scores. By comparing this “5% Trimmed Mean” to the “mean”, you can identify if extreme scores (such as

    outliers that would be removed when trimming the top and bottom 5%) are having an influence on the variable.

    ; “Extreme Values” and the Boxplot relate to each other. The boxplot is a graphical display of the data that

    shows: (1) median, which is the middle black line, (2) middle 50% of scores, which is the shaded region, (3)

    top and bottom 25% of scores, which are the lines extending out of the shaded region, (4) the smallest and

    largest (non-outlier) scores, which are the horizontal lines at the top/bottom of the boxplot, and (5) outliers.

    The boxplot shows both “mild” outliers and “extreme” outliers. Mild outliers are any score more than 1.5*IQR

    from the rest of the scores, and are indicated by open dots. IQR stands for “Interquartile range”, and is the

    middle 50% of the scores. Extreme outliers are any score more than 3*IQR from the rest of the scores, and are

    indicated by stars. However, keep in mind that these benchmarks are arbitrarily chosen, similar to how p<.05

    is arbitrarily chosen. For “system1”, there is an open dot. Notice that the dot says “42”, but, by looking at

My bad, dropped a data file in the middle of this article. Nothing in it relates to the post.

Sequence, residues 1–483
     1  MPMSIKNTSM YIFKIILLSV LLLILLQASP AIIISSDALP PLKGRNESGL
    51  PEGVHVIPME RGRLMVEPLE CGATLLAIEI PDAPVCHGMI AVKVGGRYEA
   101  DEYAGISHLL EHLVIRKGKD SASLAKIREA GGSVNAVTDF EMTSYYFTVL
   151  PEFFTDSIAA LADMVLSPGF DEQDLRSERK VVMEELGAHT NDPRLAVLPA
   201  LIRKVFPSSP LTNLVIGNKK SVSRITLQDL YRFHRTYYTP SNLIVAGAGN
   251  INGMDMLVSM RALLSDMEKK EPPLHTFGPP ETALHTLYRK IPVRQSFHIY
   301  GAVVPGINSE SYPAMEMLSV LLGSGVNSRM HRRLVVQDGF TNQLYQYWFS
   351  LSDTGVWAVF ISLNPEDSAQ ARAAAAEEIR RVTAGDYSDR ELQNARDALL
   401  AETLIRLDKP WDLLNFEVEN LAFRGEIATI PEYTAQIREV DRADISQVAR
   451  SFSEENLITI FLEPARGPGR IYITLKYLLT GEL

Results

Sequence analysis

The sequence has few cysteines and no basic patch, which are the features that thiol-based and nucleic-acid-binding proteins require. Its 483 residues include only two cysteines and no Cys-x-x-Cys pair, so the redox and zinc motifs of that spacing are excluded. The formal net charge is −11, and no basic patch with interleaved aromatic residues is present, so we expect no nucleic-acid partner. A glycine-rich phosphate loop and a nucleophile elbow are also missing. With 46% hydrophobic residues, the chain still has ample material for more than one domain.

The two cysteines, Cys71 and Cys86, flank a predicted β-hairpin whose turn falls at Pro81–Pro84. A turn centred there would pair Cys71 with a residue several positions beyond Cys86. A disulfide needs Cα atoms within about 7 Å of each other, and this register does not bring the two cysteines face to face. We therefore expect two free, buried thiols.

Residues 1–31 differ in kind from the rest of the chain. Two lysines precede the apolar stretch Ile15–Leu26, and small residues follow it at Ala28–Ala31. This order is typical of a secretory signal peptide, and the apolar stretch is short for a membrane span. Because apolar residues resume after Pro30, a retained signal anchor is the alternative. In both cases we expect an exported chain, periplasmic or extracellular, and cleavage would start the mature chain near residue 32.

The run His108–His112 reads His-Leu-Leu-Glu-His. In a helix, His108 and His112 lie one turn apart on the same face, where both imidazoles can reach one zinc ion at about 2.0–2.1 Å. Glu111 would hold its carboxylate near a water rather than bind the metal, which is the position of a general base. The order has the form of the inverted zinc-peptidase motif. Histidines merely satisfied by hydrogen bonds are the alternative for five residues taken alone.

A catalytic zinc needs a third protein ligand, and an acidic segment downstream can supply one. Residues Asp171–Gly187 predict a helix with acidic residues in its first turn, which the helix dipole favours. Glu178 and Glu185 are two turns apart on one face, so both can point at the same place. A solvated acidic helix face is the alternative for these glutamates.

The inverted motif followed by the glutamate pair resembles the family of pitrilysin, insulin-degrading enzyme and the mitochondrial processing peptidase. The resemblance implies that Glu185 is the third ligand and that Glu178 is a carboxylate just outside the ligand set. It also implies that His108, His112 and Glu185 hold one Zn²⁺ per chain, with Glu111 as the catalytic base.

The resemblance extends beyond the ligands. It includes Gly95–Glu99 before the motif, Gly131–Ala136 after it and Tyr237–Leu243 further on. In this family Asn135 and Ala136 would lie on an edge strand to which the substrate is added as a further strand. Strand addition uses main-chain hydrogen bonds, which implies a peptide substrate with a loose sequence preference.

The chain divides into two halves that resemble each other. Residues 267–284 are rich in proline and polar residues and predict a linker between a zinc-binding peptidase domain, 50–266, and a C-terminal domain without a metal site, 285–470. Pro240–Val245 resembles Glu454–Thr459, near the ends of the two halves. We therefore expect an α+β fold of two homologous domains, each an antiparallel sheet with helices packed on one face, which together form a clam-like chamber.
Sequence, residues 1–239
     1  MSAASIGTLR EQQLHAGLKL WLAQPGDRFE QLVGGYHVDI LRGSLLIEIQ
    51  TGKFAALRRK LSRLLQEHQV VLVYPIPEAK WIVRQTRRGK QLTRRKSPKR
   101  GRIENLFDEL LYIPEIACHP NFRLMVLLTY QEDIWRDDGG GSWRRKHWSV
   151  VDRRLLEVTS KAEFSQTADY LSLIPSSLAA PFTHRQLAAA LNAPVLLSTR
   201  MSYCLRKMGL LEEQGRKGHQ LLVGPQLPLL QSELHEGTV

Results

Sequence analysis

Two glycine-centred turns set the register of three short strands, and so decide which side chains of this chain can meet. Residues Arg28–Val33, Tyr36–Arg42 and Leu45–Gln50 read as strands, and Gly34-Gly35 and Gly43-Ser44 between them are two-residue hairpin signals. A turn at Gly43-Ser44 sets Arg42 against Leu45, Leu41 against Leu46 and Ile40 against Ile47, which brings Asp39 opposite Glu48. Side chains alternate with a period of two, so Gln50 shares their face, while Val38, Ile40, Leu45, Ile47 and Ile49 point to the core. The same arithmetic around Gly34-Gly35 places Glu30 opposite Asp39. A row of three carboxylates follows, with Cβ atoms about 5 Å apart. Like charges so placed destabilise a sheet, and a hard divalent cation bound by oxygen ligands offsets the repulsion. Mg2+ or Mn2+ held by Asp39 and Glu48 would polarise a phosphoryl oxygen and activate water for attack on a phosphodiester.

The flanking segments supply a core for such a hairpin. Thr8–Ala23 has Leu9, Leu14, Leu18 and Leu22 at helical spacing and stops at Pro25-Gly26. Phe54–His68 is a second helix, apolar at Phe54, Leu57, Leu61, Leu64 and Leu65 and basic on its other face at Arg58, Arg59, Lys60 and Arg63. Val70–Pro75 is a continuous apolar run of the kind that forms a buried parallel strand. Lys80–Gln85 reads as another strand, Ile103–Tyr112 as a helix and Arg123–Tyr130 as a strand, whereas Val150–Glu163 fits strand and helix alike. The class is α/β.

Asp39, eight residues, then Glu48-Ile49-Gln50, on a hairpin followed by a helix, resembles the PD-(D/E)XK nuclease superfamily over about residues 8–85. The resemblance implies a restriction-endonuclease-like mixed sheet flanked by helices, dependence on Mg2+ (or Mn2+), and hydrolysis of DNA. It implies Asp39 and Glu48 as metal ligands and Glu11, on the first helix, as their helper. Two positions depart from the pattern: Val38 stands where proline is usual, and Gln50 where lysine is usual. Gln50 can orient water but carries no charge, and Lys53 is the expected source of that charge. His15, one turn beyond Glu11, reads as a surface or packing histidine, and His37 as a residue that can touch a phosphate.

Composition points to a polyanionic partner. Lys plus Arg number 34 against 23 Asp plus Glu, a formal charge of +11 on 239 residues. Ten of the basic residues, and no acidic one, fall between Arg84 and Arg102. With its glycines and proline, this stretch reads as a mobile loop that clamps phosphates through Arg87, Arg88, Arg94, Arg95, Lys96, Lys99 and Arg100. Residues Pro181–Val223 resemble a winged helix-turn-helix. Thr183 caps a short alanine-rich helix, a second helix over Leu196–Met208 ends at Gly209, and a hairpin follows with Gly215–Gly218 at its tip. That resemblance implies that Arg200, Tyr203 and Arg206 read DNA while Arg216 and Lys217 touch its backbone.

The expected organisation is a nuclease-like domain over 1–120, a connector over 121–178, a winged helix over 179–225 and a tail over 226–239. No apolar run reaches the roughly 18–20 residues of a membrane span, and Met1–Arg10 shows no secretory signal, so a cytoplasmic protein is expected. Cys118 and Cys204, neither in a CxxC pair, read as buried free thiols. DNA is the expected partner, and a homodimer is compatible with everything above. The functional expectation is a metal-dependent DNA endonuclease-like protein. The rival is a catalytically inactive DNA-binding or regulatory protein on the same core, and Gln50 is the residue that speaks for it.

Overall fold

“Extreme Values box”, there are actually FOUR lowest scores of “1”, one of which is case 42. Since all four

    scores of “1” overlap each other, the boxplot can only display one case. In summary, this output tells us there

    are four outliers, each with a value of “1”.

    4. Outliers Within Groups

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    ; Another way to look for univariate outliers is to do outlier analysis within different groups in your study. For

    example, imagine a study that manipulated the presence or absence of a weapon during a crime, and the

    Dependent Variable was measuring the level of emotional reaction to the crime. In addition to looking for

    univariate outliers for your DV, you may want to also look for univariate outliers within each condition. ; In our dataset about “Legal Beliefs”, let’s treat gender as the grouping variable.

     1. Select Analyze --> Descriptive Statistics --> Explore

     2. Move all variables into the “Variable(s)” window.

     Move “sex” into the “Factor List”

     3. Click “Statistics”, and click “Outliers

    4. Click “Plots”, and unclick “Stem-and-leaf

    5. Click OK.

    ; Output below is for “system1”

    ; Descriptives” box tells you descriptive statistics about the variable. Notice that information for “males” and

    “females” is displayed separately.

; “Extreme Values” and the Boxplot relate to each other. Notice the difference between males and females.

    5. Outliers - Multivariate

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    ; Multivariate outliers are traditionally analyzed when conducting correlation and regression analysis. The

    multivariate outlier analysis is somewhat complex, so I will discuss how to identify multivariate outliers when